Day 4 of our Middle Kingdom adventure! Beijing weather this morning was typical early January–no snow, but chilly, with morning lows of 16-18 degrees F. and a modest breeze from the NW. The overall health of the group was very good–probably a solid 8.5 ranking on a scale of 10 signifying perfect health and 1 a near-death situation!
This was the first day of our “business/economics” related meetings. Enroute to our first meeting with the American Chamber of Commerce, Guide Bill spoke of the growing problem of educated unemployed in China–of the 2010 university graduating class, no more than about 50% had secured jobs within the first year after graduation. Our Chamber meeting was held on the 6th floor of a gleaming newish glass and steel office complex in Beijing’s central business district. Our host, Mr. Matt Wisla, Vice-president of the Chamber for Communications and a 7-year “veteran” of his work here, provided a very fine overview of the structure, objectives and modaliteis of the American Chamber in China. He noted some 1,200 US companies now operate here, ranging from the “big boys” (General Motors; Caterpillar, etc.) to the small companies seeking market niches to source local production for manufacturing operations in the US. The overall objective of the Chamber was “To help US businesses succeed in China”. He spoke of the Chamber’s work in advocacy, networking with US and Chinese interests, and provision of information relating to the Chinese business environment. With regard to the latter he spoke of an annual “white paper” comprising some 30 chapters and 400 pp. with assessments and recommendations useful to American business operating in, or contemplating operations in, China. He mentioned close cooperation with the American Embassy in Beijing–with recently-departed Ambassador Jon Huntsman and newly-appointed Ambassador Gary Locke.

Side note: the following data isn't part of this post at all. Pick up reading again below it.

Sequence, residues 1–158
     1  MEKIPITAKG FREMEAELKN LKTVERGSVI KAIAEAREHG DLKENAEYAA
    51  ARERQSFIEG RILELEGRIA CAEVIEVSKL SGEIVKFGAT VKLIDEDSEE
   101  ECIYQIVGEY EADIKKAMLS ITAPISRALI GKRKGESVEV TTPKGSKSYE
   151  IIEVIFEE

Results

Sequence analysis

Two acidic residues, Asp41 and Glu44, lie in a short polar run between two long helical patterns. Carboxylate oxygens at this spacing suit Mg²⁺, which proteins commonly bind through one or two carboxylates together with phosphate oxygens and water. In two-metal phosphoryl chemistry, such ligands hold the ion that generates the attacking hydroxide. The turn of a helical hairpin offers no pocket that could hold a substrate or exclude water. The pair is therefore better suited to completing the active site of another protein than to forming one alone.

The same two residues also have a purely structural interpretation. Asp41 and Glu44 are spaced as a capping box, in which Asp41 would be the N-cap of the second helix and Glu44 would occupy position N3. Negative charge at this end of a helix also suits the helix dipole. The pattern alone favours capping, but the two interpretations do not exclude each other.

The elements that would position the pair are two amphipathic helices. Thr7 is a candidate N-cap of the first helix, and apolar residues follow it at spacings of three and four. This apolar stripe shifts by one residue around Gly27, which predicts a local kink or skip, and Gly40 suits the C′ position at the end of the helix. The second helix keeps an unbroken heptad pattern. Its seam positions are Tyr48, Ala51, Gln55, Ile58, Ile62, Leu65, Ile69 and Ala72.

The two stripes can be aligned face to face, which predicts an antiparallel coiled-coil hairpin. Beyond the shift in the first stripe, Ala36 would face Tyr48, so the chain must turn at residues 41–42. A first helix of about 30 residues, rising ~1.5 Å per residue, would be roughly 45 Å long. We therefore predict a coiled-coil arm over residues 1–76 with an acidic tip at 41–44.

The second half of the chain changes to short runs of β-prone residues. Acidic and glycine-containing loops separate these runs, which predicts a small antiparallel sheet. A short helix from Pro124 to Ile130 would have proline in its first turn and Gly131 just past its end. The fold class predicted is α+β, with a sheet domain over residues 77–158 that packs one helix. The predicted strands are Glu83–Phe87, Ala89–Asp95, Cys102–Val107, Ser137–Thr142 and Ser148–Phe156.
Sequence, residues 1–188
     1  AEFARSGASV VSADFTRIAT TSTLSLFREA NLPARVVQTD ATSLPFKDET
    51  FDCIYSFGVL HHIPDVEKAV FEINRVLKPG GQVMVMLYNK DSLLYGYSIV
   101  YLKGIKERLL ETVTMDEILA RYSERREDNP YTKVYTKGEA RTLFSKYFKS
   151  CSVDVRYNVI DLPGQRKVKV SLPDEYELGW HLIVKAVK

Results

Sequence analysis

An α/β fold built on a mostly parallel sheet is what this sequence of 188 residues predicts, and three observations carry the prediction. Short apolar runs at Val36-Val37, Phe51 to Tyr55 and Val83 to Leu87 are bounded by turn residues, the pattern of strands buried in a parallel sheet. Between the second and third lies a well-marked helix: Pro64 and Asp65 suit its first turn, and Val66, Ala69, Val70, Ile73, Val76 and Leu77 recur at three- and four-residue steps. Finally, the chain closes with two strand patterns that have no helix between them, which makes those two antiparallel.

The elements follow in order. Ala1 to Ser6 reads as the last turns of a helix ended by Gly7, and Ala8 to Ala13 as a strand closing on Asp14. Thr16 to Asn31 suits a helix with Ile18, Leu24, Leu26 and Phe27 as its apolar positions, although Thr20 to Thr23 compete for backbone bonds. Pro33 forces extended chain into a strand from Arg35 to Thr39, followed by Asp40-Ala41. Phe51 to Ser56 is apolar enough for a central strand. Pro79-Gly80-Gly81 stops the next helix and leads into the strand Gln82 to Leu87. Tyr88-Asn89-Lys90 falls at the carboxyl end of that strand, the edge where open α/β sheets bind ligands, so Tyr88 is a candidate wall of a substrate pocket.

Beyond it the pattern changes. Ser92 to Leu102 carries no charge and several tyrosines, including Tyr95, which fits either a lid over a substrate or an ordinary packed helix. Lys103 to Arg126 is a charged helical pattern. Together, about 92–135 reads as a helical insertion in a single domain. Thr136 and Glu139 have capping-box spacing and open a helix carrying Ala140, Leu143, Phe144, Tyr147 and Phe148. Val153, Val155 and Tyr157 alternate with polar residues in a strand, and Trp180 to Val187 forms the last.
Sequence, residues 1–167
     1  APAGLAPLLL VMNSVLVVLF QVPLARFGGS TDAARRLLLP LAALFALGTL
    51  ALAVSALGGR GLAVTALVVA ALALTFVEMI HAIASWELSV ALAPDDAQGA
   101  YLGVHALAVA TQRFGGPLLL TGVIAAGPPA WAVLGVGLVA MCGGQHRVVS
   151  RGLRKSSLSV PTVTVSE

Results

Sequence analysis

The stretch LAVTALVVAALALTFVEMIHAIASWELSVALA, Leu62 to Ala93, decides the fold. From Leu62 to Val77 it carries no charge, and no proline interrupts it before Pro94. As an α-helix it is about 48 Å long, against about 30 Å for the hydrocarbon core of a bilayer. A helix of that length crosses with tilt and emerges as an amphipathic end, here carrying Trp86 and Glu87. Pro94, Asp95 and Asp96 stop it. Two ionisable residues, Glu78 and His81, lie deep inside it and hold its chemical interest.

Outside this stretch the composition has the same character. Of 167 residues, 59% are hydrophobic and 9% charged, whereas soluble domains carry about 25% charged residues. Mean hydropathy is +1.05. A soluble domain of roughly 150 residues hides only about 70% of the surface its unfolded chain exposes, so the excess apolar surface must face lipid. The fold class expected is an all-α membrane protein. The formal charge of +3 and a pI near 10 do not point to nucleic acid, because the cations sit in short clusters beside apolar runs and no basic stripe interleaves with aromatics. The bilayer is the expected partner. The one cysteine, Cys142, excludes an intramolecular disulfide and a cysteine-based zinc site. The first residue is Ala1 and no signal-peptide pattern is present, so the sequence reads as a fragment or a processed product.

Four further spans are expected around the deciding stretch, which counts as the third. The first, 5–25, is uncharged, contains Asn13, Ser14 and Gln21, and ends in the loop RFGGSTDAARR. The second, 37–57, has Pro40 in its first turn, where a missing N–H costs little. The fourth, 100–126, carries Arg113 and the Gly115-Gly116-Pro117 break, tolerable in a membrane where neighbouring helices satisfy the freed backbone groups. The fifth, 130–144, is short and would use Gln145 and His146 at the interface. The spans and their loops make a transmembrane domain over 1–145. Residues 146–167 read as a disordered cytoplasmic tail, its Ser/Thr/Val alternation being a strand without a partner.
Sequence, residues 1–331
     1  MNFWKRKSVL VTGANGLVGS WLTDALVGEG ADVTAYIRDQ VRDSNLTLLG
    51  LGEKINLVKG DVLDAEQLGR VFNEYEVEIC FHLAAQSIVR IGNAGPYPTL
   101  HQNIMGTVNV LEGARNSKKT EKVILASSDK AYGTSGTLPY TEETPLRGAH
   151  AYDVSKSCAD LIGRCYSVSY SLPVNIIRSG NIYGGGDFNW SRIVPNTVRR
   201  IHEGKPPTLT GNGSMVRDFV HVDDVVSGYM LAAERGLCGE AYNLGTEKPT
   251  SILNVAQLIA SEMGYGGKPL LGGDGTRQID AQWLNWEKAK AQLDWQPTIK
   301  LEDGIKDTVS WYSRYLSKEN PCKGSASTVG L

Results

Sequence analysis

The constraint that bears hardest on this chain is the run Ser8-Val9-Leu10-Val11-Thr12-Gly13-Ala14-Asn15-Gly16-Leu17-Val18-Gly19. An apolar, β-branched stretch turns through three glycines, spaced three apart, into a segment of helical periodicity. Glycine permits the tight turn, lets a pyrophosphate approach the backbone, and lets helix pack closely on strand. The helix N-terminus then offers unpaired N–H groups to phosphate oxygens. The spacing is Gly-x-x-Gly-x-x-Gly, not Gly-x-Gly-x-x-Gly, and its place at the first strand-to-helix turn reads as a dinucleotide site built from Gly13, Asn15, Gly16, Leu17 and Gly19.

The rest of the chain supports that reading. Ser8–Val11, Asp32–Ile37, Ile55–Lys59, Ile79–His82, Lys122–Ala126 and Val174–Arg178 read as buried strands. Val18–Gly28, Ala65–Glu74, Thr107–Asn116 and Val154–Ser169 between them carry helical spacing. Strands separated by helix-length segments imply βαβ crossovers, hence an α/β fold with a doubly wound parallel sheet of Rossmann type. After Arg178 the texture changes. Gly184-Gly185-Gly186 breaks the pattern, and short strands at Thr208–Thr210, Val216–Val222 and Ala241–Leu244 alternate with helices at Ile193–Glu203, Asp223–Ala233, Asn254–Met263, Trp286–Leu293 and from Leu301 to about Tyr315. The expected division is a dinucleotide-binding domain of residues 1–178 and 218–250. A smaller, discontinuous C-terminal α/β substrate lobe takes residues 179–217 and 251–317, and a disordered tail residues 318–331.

In general, Wisla reported that American business are doing well in China (e.g. GM which now sells more cars in China than in the US), with those with longer history here doing better than those who come seeking quick returns. However, despite this generally positive assessment, he noted continuing challenges facing the American business community here–the ever-growing problem of theft of intellectual property rights, the tendency on the part of PRC government to slant policies to favor Chinese firms–as opposed to foreign companies, the continuation of an exchange rate policy which is perceived as favoring Chinese exporters,etc. Among the uncertainties which are likely to provide both challenges and opportunities to American firms here are: the ever-rising Chinese labor costs (up 5-8% in the past year), the steady expansion of the Chinese state in ownership and operation of the large profit-rich sectors of the economy–petroleum products, electrical energy, mineral exploitation, the growing bureaucracy in government, continuing corruption, the difficulty of hiring and retaining competent senior Chinese staff, etc. This very useful meeting ended with opportunity for some Q & A from the BC group: Why do some US businesses fail in China? What can be done to thwart persistent efforts to steal intellectual property rights? The threat of cyber-attacks, etc. In conclusion, w/in our group there was a strong feeling that study tours to China should first program meetings of this type which provided an overview of the situation of interest, thereby providing a valuable perspective for subsequent meetings.